In the past I had been scared to offend my employers, that they would dismiss my comments around being a woman in tech, that it would hurt my career. I decided that all these things may still happen, but if I stayed silent nothing would change and that wasn’t ok.

I decided to be fearless about this too. That didn't mean being reckless and calling out people who had wronged me. I don't think that is a productive way to effect change. The approach I have taken is to focus on the positive things that companies, the tech community, and I can do to improve the situation for women in tech. I have done this by:

Me at the TAM (Think About Math) conference for grade 9 girls run by the University of Waterloo.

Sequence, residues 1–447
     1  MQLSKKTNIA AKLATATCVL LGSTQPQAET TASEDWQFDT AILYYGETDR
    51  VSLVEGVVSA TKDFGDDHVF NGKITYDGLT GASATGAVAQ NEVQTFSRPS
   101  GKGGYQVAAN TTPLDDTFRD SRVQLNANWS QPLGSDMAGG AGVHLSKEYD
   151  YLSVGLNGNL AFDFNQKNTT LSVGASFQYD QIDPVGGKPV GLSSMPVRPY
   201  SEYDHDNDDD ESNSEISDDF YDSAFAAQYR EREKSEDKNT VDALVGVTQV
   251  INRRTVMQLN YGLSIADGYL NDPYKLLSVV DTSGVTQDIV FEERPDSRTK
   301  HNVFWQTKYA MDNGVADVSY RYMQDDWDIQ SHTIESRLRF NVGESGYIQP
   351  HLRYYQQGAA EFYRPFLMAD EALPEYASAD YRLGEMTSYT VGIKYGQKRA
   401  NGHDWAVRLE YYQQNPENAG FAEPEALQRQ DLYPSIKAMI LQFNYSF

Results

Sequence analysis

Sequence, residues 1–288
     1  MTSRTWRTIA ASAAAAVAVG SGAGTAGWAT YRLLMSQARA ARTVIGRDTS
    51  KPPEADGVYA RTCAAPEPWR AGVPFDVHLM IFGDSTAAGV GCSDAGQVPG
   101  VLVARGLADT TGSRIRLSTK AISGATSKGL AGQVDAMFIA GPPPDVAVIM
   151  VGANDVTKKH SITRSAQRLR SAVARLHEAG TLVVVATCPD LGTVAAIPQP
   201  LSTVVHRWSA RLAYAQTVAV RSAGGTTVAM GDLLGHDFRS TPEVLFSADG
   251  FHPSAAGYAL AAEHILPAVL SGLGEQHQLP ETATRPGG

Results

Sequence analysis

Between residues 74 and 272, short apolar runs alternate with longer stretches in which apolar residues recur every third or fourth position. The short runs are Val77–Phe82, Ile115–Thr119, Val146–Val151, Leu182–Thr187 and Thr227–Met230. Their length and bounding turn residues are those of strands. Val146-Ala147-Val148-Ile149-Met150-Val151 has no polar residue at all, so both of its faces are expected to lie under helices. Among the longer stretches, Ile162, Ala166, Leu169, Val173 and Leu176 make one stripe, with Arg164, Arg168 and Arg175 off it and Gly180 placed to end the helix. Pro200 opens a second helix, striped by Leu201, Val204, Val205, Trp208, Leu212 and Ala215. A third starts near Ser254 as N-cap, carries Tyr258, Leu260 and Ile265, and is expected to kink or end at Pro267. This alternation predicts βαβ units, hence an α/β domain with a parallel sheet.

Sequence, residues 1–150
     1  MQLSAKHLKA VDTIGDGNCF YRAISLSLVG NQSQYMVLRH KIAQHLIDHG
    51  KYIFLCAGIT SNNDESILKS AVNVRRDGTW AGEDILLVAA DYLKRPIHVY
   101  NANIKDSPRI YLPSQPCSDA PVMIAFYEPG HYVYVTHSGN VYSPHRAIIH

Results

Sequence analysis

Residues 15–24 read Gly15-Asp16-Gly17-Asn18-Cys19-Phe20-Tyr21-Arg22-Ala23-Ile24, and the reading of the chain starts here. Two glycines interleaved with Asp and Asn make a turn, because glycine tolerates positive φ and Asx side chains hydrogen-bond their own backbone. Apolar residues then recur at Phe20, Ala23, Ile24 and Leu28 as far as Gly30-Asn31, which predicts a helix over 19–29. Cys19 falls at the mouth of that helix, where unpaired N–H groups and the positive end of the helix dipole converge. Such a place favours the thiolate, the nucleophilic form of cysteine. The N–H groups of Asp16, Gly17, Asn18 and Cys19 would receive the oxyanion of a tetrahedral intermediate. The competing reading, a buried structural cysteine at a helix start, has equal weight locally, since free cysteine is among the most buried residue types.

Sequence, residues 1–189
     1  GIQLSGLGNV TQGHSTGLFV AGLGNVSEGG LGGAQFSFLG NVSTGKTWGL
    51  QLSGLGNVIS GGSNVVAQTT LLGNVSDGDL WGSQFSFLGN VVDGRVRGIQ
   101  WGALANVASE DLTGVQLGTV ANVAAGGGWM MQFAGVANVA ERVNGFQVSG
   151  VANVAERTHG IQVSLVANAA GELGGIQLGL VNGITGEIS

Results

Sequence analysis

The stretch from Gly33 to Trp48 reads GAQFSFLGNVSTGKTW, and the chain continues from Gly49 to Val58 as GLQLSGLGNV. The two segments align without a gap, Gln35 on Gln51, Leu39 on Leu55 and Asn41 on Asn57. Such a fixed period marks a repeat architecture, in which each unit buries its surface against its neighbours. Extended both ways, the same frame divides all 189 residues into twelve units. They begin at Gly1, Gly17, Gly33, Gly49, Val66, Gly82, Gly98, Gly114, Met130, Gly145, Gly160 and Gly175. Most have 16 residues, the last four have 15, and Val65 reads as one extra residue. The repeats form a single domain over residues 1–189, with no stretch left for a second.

1. Attending events to get young girls engaged in tech.
  2. Being a mentor to women who are in tech.
  3. Championing a women in tech peer-2-peer group.
  4. Volunteering for organizations like CAGIS (Canadian Association of Girls in Science)
  5. Getting the company I work for involved in women in tech events.

Fearlessness can be learned!

Being fearless is about evaluating the risks and consequences of your actions or inaction. It is about pushing yourself to do the things you feel are right for you, your family, your team, your company, your city, your country, or your world.

Be fearless!

Share your stories how you were fearless in the comments below or on twitter tagging @Dinah_Davis #BeFearless.